In 2012, one of Salgado’s artistic idols, Favianna Rodriguez, encouraged him to move to the Bay Area. Rodriguez took Salgado under her wing, and taught him the techniques he needed to further his practice. Salgado, who now lives in South Berkeley with Iñiguez, has been making digital posters ever since, gradually refining his style and expanding his subject matter. In 2012, he also started a series called “UndocuQueer,” which features portraits of undocumented and queer activists with quotes from each on what being “undocuqueer” means to them. An amalgam of the portraits was installed on the Galeria de la Raza art billboard in San Francisco’s Mission District during Pride month in 2013.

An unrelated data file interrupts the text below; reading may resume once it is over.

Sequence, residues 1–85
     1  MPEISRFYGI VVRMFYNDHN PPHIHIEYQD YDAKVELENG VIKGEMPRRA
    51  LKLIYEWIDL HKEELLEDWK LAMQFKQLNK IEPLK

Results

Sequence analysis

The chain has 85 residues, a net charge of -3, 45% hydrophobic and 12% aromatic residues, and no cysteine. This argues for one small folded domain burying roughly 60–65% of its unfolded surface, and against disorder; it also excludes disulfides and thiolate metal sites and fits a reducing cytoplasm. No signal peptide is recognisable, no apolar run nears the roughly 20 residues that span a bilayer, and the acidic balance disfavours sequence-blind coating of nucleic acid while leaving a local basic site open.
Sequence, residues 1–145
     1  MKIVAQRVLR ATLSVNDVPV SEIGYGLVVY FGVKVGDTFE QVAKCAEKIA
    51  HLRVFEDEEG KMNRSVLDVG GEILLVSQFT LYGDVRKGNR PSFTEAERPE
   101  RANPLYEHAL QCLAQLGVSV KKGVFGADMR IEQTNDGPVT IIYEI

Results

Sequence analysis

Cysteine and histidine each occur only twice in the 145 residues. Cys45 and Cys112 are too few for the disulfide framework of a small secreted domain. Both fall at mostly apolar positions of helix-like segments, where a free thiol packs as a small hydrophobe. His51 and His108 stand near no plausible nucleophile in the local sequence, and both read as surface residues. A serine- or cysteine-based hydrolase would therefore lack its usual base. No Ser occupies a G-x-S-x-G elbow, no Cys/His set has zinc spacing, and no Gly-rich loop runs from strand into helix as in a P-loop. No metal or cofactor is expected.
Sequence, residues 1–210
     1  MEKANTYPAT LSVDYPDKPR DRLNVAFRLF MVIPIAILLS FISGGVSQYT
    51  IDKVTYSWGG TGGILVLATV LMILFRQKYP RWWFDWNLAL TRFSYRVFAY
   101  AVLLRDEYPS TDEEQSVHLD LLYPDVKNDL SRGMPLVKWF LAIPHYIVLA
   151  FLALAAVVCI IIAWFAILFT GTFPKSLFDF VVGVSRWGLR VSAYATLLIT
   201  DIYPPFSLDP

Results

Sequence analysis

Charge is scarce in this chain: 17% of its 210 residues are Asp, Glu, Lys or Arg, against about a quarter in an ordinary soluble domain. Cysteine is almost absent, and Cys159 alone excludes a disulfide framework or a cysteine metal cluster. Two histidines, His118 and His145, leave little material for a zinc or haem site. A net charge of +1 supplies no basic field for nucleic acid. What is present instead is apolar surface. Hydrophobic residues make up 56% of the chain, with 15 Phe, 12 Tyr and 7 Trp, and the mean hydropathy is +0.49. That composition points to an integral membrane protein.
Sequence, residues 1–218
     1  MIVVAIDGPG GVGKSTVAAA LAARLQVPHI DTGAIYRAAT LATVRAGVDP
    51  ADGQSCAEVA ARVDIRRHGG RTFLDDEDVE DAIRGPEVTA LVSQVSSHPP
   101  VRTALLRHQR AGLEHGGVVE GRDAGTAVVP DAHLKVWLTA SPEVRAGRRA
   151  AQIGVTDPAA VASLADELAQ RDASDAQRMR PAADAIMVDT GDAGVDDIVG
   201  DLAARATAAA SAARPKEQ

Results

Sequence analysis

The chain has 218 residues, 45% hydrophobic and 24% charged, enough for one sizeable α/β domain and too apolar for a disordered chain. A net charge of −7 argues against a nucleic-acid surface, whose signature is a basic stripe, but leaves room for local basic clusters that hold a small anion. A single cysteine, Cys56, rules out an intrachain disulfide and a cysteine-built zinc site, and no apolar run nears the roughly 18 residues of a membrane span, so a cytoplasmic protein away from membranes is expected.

Now, Salgado (who is no longer deportable thanks to Deferred Action for Childhood Arrivals) splits his time between contributing to Dreamers Adrift, illustrating, and working as a project manager at Culture Strike, a magazine that aims to fight anti-immigrant sentiment by showcasing the perspectives of migrants and disseminating counter-narratives. Salgado also illustrates a comic strip for the publication each week called “Liberty for All.” It follows an undocumented queer woman named Liberty and her group of minority friends. Although the storyline is primarily written by Tina Vasquez, each character’s dialogue is shaped by a network of writers who represent their respective backgrounds. Salgado pointed out that even though he and Vasquez are both from oppressed communities, if they were to write the voices of other minorities, they would be perpetuating the silencing that they are fighting.